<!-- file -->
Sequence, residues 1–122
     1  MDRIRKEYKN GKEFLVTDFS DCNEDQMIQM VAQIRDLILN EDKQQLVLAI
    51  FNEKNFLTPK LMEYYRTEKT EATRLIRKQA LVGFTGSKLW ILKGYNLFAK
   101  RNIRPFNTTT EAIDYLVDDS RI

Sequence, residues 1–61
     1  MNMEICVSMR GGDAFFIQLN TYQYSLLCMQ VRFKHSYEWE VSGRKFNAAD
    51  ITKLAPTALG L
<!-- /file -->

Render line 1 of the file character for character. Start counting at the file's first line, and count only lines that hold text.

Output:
Sequence, residues 1–122